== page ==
When the director Steve McQueen was an art student learning basic film-making skills at Goldsmiths College, south London, he joked he was already aiming for the time when his name would eclipse that of his glamorous namesake, star of The Great Escape and Bullitt. “One day,” he told his tutor, Professor Will Brooker, “when people talk about Steve McQueen, I am going to be the first person they think of.”
Now, with an Oscar for his film 12 Years a Slave, the transition from Turner prizewinning artist (presented to a British visual artist under the age of 50) to celebrated director has been made in style. It is a path to cinematography also taken by the British artist Sam Taylor-Wood, nominated for a Turner prize in 1998 and now editing her high-profile film of the erotic bestseller Fifty Shades of Grey.
Next month will see a further reminder of the link between the film industry and the rarefied contemporary art world, a link that has existed since the Lumiere brothers first projected images on to a screen. Julian Schnabel, the American artist and film-maker, is to stage his first art exhibition in Britain for 15 years.
“The connection between visual artists and film might seem obvious, and Schnabel is successful in both, but it is amazing how many good artists there are who have not made good films,” said Tim Marlow, who was appointed head of exhibitions at central London’s Royal Academy of Arts (which promotes the creation, enjoyment and appreciation of the visual arts in the UK) last week.
Back in the 1920s Jean Cocteau, the toast of bohemian Paris, put away his paintbrush and typewriter in favor of the motion camera, creating surrealist classics of the cinema such as La Belle et la Bete, while his compatriot Jean Renoir, son of the painter Auguste-Pierre, made ceramic pots long before he made his film La Grande Illusion in 1937. Since then many influential directors, including the late Japanese master Akira Kurosawa, have started out as painters or sculptors.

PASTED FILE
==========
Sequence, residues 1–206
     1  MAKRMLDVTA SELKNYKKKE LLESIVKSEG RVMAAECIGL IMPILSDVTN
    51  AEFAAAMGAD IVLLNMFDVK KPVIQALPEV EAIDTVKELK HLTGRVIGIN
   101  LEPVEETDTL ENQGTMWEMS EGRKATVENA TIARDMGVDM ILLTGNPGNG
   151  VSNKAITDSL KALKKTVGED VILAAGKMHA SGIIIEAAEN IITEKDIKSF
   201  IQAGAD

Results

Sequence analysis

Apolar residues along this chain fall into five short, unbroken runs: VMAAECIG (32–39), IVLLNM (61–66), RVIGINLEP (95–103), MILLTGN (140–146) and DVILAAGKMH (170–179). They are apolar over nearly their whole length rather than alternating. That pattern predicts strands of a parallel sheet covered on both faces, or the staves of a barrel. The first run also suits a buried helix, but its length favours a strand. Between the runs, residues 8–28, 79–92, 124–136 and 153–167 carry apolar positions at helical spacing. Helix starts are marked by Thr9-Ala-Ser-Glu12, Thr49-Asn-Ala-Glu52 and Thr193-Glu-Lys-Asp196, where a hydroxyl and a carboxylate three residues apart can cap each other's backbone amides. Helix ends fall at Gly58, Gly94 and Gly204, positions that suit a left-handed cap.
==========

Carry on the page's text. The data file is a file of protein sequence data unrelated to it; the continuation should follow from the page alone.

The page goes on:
But does an artist really have to choose? Is it possible to keep a reputation going in both fields? Schnabel certainly thinks it is. Before his show, at the Dairy Art Centre central London’s Bloomsbury, he says he still regards himself as “primarily an artist,” despite the critical success of his films Basquiat, Before Night Falls and The Diving Bell and the Butterfly.
McQueen could find such a trick hard to pull off. Last month he quietly withdrew his name from consideration for the US$100,000 2014 Hugo Boss prize, administered by New York’s Solomon R Guggenheim Museum, due to the demands of promoting 12 Years a Slave in Los Angeles. He has been unable, it was announced, to fulfil the requirements of making a large contribution to the prize show catalogue.
Now it looks as if McQueen, who lives in Amsterdam, will have little time for fine art. Although he has dropped his planned biopic of the musician Fela Kuti, he is developing major television series for both the BBC and the American network HBO. The HBO show is to tell the story of a young African-American man who enters New York high society, while the BBC has commissioned a new drama about the lives of black Britons.
Each of these TV projects will reach a larger audience than the video installations that first made McQueen’s name. In his 1993 black and white silent film, Bear, two naked men exchange meaningful glances in the gloom, while in Deadpan, a work shown in his winning 1999 Turner prize show, he restaged a Buster Keaton stunt in which the film set facade of houses collapses around an unscathed lone figure.